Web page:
Let's all agree—just for the sake of argument—that men are a lesser, subspecies of human, possessing below-average abilities in nearly all areas of life unrelated to bench-pressing or competitive eating. Agreed? OK, great.
The outsized recognition given their inferior intelligence has led them to believe, foolishly, that they are in fact the superior sex: more rational, better at explaining things, cleverer, and in possession of inherently correct opinions. It's delightful, somewhat twisted amusement to watch them confronted with a little peek or window into their true position in the world; to cut down a man's ego is like watching a dog try to open a door, or kicking up the dirt of an anthill and watching the ants scurry about, disoriented and scared.
That vague male fear is what made the app Lulu seem fun at first. Men were not allowed to use the app; if they tried to log on (which the app does through Facebook), they'd be coldly denied. Lulu was an app for women, and it allowed them to rate their male Facebook friends based on a variety of personality traits, physical feats, and sex skills, all, ostensibly, in service of warning fellow women about prospective dates' red flags, and cheering on the good guys. Lulu was like writing "For a good time, call …" on the ladies' room wall. It felt like wink-y, good old-fashioned misandry; while not especially effective in righting institutional and cultural wrongs, it let us saddle dudes with weird little negs like "OnlyWearsFratTanks" and cackle about it with each other. It was funny and seemingly lighthearted.
Today, that fun ended. The latest update to the app will now allow men to see an overview of their rating, the number of women who have rated him, and a summary of the hashtags used to describe him. The update may have been intended to improve transparency, but instead it shifts what seemed like harmless, insider fun to more overt cyberbullying.
If there's nearly nothing good in rating each other on a numerical system (and with hashtags), there's even less in being able to see how we're rated. Though, as Maureen O'Connor of The Cut noticed, most ratings tend to be high and rather positive, Lulu ratings must necessarily include some cons: the app forces a female rater to pick at least one from a selection of pre-selected negative hashtags.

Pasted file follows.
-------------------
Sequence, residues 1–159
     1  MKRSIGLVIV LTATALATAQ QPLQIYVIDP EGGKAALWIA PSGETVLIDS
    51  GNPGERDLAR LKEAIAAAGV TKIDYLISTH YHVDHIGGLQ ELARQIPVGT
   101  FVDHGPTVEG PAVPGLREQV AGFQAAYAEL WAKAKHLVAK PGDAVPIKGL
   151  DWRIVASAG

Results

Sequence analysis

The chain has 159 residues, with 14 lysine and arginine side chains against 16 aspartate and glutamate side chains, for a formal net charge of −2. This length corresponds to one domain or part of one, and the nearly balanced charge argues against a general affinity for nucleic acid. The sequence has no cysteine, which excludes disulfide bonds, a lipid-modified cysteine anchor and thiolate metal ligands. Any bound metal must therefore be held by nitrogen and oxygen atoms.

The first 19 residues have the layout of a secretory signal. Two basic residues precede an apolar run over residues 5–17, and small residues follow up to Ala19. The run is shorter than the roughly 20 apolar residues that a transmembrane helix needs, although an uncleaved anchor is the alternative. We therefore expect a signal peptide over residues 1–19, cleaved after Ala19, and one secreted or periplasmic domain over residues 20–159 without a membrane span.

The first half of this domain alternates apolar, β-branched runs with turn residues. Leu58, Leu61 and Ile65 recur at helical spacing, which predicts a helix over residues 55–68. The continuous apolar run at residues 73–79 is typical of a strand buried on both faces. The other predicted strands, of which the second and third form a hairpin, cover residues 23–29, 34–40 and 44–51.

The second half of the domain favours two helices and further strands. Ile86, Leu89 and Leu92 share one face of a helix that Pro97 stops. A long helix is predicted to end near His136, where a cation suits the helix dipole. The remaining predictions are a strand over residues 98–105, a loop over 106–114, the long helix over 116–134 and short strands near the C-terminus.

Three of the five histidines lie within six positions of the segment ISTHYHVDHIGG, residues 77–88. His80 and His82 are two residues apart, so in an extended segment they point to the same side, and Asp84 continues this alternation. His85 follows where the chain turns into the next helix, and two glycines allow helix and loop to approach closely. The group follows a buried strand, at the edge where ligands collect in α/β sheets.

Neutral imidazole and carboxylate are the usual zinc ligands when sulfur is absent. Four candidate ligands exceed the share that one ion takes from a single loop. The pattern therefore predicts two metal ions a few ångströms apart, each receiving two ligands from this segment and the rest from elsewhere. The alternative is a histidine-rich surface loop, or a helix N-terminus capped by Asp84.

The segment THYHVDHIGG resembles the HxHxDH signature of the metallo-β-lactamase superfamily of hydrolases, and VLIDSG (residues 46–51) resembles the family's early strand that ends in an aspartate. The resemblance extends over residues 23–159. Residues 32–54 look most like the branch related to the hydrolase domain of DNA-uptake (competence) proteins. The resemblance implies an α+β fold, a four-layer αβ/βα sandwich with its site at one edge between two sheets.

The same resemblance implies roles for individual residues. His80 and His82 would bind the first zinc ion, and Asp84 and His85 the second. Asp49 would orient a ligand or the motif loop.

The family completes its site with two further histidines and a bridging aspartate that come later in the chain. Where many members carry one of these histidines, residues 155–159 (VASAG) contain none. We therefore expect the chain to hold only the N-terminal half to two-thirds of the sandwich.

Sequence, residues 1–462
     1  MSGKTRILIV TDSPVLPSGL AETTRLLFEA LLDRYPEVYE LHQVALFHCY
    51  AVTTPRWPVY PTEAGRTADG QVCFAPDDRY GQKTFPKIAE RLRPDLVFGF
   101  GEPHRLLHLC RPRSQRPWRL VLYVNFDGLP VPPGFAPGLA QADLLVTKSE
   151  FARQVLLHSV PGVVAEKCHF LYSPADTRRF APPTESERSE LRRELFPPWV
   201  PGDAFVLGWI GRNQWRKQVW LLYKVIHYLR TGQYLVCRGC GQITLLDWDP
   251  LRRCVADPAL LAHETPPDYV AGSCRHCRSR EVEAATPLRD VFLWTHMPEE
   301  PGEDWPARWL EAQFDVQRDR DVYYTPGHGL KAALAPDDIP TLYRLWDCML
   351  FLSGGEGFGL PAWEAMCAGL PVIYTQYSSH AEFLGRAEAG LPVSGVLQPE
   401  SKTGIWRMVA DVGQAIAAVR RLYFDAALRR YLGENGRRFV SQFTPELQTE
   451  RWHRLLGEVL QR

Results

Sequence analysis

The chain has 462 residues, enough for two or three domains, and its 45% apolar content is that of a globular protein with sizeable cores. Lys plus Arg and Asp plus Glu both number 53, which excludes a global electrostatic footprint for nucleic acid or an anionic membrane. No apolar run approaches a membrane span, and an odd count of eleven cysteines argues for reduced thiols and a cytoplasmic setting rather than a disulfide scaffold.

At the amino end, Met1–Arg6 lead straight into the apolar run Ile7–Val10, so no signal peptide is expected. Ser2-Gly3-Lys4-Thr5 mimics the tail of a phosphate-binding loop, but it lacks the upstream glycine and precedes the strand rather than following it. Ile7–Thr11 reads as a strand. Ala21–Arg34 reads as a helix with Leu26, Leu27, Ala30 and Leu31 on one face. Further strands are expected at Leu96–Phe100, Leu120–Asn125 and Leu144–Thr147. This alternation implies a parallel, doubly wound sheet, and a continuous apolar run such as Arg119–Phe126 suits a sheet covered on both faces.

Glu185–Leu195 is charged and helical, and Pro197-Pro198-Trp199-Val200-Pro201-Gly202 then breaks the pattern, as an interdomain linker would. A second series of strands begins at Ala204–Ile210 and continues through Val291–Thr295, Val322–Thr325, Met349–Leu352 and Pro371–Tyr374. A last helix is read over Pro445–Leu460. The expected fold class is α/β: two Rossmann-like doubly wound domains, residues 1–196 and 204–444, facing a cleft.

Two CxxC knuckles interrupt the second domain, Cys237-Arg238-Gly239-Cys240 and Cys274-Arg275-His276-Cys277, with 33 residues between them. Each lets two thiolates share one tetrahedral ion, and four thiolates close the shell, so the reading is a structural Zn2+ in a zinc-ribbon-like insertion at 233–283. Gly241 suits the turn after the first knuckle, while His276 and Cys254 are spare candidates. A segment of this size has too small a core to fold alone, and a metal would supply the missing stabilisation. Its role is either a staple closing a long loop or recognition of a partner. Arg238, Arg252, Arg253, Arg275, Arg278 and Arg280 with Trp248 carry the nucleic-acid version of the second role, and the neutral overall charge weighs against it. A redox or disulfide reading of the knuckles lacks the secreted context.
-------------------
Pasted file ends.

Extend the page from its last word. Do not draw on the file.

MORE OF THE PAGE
Men who log into Lulu and see their rating summary are likely to be presented with a few pieces of confusing and probably misleading information. The overall ranking men see could be artificially inflated (or deflated, for that matter), because there's no way for them to know whether it's comprised of one woman's opinion, or ten. And while women who use the app know the hashtags are picked from a limited, simplistic list, rather than independently written, men likely won't. Women know it's a final step, often a throwaway joke on top of a more honest review, but men might see tags like "#WearsEdHardy," or "NapoleonComplex," or, simply, "Boring" and think these labels were written specifically FOR them. It's not that it wasn't mean before, but now it's meaner.
Lulu's only saving grace, prior to this update, was its exclusivity — its CEO marketed it as an almost educational tool, meant not to hurt men but to protect women. It was always a thin, pat motive; it's hard to believe there were ever women using the app as a genuine resource for vetting a date. But Lulu was, at first, somewhat excusable as a digital version of dishing about guys with friends at a girl's night. It was stupid, but it was at least contained.
Gone from the "male-friendly" version is that private, girl-gossip feel; what remains is merely a lazy and passive way to shame, hurt, or exact revenge on people who can log in and see it. An app that allows you to see what your Facebook friends are anonymously saying about you is not a force for good, or misandry. It's just mean.
A previous update to Lulu made it so that guys can't be reviewed unless they have signed up for the app. They can also delete their profile.
Katie Notopoulos is a senior editor for BuzzFeed News and is based in New York. Notopoulos writes about tech and internet culture is cohost of the Internet Explorer podcast.
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